Thank you for giving me ideas to enrich the breads I plan to bake!

Barbra

isand66's picture
isand66

Appreciate your kind comments.  I love trying new grains and combination of flours together.  Just by varying one you can get a whole new flavor in the final bread.  I am sure once you start experimenting you will find some you like and some not so much like me but I just can't help myself and try new combinations all the time. 

You can use any style of beer for this formula and it would work just fine.  Since I retarded this one for so long, the beer really comes through in the final flavor, but in a good way.

Good luck with your gluten free baking..I know what a challenge that can be, but that's half the fun of it anyway!

I look forward to hearing about some of your new bakes in the future.

Regards,
Ian

Floydm's picture
Floydm

Beautiful, Ian, both the breads and your garden photos.

isand66's picture
isand66

Appreciate it Floyd.

Regards,
ian

dabrownman's picture
dabrownman

between your garden and your bread but no worries.  i'm guessing that many of those flowers are edible and when grown really belong in some kind of bread :-)  This  bake is right up my alley.  The vinegar will give the dough a tang too since it is vinegar - if a sweeter one.   i personally like more tang in SD breads and have never made a bread with too much of it.   I go out of my way to get as much tang as possible - isn't sour what SD is all about?  Otherwise I'm baking with yeast water.  Your crumb is very open for this kind of bread,l  Well done Ian! 

Your previous vinegar inclusions have inspired my bake today!  100% whole home ground multi-grain at 100% hydration.  Fed the 3 stage levain the sifted portion of the mix so it will be wet the longest.  Hopefully we will get some rise out of it later today since there wasnlt much in the fridge after 16 hours.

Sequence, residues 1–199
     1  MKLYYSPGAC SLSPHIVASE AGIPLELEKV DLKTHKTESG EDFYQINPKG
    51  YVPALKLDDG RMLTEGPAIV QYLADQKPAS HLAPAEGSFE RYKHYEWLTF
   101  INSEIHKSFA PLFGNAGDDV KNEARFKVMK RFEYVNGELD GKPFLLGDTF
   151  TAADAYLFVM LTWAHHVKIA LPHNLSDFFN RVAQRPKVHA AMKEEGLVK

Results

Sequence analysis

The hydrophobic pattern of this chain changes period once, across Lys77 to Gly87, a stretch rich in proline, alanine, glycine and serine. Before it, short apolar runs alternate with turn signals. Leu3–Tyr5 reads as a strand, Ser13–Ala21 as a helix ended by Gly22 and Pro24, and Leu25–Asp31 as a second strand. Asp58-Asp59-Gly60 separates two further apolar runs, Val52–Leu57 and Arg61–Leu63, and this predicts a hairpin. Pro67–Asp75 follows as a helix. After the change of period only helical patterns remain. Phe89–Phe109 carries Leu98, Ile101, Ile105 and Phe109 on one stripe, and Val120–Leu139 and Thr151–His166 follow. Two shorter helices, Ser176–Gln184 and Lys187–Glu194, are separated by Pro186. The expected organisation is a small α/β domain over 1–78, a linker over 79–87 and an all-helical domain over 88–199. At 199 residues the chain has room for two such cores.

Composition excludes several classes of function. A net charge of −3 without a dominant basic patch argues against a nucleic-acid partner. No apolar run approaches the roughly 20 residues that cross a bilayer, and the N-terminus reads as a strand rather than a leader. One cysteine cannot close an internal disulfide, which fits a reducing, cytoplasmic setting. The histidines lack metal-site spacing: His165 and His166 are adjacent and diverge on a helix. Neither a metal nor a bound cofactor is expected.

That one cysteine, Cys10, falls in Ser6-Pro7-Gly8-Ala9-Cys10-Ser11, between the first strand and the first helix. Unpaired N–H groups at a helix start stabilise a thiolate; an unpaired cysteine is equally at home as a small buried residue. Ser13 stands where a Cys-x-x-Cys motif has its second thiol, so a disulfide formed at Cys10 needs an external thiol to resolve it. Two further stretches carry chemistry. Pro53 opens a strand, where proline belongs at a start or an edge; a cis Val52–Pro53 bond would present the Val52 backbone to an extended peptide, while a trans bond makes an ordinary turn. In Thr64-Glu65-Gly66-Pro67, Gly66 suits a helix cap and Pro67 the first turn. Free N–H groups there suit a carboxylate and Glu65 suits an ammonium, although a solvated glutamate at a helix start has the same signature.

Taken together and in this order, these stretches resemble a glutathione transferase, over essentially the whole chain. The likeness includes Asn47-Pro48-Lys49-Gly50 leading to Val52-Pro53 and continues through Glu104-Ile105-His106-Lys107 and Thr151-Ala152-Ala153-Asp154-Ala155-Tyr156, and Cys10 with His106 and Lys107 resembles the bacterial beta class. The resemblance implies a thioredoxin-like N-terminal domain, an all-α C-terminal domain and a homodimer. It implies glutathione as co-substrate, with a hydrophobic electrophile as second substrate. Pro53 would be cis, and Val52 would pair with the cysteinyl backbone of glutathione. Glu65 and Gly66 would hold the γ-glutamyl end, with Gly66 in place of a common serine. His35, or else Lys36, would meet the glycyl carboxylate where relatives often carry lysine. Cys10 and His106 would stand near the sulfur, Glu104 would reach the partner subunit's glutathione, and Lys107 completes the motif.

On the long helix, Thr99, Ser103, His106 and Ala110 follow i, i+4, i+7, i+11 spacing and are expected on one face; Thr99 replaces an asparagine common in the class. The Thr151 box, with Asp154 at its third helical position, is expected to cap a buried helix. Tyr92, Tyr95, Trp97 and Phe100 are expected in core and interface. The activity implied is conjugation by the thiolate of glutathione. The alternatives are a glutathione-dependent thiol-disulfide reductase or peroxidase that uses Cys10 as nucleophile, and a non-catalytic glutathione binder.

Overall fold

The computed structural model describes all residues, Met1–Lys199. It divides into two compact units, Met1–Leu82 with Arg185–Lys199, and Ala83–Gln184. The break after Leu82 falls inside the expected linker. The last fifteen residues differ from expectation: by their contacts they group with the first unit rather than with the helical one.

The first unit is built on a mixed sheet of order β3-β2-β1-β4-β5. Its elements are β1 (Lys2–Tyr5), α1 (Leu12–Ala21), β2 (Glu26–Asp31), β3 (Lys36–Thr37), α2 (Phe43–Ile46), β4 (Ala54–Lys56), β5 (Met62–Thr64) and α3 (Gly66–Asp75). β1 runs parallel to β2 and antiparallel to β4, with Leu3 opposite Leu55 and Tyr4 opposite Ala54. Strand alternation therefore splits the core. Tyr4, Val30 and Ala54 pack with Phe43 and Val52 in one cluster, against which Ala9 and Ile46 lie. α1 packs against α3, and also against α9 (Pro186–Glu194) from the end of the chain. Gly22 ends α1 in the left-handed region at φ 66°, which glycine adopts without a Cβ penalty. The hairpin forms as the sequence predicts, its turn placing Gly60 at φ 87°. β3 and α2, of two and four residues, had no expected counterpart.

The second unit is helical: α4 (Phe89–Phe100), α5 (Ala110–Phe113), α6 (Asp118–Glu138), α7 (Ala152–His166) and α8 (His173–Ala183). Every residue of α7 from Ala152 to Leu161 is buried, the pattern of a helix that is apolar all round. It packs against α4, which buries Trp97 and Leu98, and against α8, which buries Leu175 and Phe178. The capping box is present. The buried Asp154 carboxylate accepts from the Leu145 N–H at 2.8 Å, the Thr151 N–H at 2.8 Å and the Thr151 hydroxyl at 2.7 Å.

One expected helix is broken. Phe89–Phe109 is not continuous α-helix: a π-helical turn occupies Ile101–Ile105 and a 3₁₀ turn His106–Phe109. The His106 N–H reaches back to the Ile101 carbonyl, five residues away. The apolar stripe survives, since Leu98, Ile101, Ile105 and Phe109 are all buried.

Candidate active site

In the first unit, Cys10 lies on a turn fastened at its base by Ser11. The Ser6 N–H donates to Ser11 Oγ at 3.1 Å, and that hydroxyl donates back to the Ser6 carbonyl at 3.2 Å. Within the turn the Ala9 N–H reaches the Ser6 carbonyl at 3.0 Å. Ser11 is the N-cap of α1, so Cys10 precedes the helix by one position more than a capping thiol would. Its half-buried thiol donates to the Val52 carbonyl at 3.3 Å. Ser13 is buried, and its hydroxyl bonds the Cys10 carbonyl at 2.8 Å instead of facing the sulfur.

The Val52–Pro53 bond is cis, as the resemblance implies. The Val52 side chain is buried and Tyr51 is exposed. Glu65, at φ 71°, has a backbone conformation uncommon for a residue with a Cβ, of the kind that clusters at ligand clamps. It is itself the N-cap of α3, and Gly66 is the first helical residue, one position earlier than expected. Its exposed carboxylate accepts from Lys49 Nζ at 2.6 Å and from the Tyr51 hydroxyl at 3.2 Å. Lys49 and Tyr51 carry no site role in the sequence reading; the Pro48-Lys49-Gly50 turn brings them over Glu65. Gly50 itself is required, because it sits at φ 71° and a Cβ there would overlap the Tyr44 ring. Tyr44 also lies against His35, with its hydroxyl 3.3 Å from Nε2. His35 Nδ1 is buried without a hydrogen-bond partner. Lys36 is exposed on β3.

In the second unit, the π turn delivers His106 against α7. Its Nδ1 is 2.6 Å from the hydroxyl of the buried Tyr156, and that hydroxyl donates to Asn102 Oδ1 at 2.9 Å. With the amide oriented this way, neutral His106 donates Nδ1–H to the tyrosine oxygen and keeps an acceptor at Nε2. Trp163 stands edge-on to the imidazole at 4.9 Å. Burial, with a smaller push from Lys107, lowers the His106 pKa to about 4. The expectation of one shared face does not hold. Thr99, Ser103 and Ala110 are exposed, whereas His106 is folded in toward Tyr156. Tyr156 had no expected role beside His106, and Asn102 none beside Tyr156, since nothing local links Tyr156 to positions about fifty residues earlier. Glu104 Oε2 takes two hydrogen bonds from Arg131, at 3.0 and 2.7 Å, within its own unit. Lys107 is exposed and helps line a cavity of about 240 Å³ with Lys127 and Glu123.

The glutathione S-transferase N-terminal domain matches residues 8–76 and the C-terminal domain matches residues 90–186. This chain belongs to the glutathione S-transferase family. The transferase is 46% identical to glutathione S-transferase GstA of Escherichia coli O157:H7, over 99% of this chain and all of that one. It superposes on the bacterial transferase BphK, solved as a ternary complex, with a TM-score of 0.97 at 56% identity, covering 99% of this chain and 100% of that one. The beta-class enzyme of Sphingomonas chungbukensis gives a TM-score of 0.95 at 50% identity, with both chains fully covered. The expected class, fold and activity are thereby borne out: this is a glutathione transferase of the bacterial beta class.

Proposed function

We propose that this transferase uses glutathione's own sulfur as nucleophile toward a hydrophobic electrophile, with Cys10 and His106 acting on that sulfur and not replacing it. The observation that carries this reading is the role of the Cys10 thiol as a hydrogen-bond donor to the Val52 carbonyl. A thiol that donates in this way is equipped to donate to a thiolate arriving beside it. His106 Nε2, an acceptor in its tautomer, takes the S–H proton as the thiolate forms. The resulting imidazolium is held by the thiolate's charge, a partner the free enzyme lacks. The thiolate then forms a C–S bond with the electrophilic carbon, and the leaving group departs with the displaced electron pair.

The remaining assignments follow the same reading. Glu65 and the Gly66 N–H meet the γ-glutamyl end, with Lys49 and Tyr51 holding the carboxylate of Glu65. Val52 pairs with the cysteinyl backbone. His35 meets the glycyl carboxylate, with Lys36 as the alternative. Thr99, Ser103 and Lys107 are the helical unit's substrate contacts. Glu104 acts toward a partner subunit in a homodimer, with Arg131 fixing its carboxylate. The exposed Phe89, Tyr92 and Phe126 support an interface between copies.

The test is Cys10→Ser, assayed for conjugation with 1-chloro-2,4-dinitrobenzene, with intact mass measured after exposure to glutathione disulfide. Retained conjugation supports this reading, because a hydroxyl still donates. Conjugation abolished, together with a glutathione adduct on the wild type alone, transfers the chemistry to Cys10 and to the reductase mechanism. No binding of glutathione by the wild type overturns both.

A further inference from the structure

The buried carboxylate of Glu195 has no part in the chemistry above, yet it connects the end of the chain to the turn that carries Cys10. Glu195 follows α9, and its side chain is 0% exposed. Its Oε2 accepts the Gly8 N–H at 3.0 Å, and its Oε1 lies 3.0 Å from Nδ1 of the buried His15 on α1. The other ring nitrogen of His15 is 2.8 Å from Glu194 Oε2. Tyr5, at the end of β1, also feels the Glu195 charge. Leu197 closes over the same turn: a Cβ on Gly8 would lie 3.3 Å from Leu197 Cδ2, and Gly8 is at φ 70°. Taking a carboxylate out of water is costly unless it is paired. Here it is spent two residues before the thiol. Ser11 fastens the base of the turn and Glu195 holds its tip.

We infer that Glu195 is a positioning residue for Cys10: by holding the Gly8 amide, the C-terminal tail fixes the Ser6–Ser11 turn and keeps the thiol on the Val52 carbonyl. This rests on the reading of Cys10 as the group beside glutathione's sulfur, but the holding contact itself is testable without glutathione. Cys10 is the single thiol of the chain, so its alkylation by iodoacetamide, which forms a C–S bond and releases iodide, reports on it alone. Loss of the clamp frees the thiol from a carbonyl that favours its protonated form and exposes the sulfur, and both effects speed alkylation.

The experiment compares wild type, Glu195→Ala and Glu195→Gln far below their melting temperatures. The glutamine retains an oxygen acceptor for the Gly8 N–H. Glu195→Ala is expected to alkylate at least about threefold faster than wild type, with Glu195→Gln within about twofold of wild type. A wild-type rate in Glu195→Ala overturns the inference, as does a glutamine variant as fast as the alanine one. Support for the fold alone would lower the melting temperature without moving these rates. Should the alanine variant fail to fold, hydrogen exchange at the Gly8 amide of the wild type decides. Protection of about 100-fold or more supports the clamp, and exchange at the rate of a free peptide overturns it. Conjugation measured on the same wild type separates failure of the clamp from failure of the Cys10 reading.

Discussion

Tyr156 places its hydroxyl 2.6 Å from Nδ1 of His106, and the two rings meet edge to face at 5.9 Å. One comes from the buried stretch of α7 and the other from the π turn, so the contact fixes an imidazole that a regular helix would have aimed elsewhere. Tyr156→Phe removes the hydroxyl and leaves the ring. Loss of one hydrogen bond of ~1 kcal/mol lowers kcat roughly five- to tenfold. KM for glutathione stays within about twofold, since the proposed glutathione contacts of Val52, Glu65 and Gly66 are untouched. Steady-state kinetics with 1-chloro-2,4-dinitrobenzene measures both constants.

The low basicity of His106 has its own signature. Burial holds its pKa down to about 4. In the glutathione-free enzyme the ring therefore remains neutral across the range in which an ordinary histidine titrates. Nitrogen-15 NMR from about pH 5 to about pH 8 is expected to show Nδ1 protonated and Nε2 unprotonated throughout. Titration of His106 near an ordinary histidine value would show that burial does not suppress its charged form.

happy baking!

 

 

isand66's picture
isand66

Appreciate your feedback as always.  You are right, you would really love this one.  The long retard along with the beer, vinegar and combination of flours gave this a distinct sour favor.  My wife didn't care for the sour, but I didn't make this one for her anyway :).  I just finished a nice pastrami sandwhich and the bread was even better than deli rye so I'm happy! 

I bought a bunch of different flavored olive oils and vinegars so I've been adding them to a lot of my bakes.  Some you can really taste others not so much.  I tried to really make this a higher hydration dough based on your last bake and used freshly ground flours for the levain, but didn't have time to do the same for the main dough.  While this one came in at around 79% hydration it could have gone higher.  I will anxiously await the results of your 100% hydration bake to spur me on to go even higher.

Look forward to your results.

I will be leaving on Monday for my vacation, so if I don't respond next week don't think I'm ignoring you :).  I always look forward to your posts to keep me motivated.  When I get back I have to try one of Varda's rye's using the chocolate malt I found in a beer store last month.

Happy Baking DA.

Regards,
Ian